Too much analysis slows performance

by | Sep 23, 2019

Analysis is important in reform of industry institutions, but somehow it often becomes an end in itself. As more reports are generated the case for change becomes so comprehensive that it’s indisputable. Still, little change actually happens.

These analyses are usually valid descriptions of the situation and a possible ideal end state, but shed little light on how to get there. It makes them interesting, but useless.

Eventually another study is funded with OPM (Other People’s Money) and the pattern repeats – like a doom loop. It can result in industry service organisation (ISO) reform being stifled for decades.

There are many reasons why analysis paralysis occurs. One is the flawed belief that analysis and thinking are what leads to changed behaviour. If it were so, we would all be fit, healthy non-smokers.

Another is that by acting, leaders would have to admit that the organisation has not been performing, which is not something that they want to put on the record.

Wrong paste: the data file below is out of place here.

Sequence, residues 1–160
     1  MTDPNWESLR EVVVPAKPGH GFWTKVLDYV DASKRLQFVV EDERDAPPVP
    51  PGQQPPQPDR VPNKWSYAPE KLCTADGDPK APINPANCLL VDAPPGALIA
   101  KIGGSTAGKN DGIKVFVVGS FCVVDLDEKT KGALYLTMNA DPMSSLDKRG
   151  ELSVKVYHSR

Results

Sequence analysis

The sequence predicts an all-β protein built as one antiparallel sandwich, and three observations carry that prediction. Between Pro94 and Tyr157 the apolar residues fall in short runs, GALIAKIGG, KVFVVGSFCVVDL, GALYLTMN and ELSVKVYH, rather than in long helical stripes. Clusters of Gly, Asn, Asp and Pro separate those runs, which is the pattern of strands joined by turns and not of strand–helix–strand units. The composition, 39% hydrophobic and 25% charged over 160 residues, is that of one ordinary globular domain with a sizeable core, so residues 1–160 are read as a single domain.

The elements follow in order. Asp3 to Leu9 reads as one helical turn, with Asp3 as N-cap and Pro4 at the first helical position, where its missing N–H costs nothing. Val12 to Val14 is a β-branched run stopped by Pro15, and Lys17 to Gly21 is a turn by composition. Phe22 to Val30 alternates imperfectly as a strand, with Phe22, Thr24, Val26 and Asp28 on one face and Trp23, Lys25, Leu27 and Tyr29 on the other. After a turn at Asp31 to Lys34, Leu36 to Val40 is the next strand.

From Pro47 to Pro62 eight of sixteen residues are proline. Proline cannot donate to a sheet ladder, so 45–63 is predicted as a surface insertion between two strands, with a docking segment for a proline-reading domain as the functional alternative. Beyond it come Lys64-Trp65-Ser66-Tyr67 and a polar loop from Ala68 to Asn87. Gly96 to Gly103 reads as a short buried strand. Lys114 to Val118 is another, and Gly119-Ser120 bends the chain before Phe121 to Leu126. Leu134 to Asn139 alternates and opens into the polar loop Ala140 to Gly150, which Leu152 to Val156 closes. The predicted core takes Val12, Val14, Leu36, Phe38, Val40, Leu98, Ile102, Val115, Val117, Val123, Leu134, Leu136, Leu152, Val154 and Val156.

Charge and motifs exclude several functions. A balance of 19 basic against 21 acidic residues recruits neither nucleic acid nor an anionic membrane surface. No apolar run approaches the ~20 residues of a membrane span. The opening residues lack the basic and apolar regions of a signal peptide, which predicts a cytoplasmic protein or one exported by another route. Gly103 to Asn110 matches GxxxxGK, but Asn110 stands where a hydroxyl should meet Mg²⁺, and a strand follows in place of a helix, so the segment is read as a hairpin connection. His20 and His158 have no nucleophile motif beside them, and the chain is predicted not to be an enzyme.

There is also the dark side of this phenomenon, where people demand more analysis as a deliberate move to delay decisions until, hopefully, momentum for change is lost.

Whatever the reasons, the main beneficiaries are those being paid to do more analysis. Meanwhile, what investors really want is more action, outcomes and performance, not more procrastination, analysis and excuses.

My experience is that business leaders usually know that more analysis is unnecessary, but they get exhausted by the complexity and high risk involved with transformational change. They lose direction and confidence to act.

A lack of clarity on the direction means leaders end up going in circles, so they choose more analysis in place of real action.

The good news is that the situation can turn around fast when business leaders set a clear direction and adopt a viable change process. Such was the case with the Australian nursery and garden industry which, after years of fruitless analysis and debate, was in a matter of months able to transition to a new national body, Greenlife Industry Australia.

As always, a different approach offers the prospect of a different outcome.

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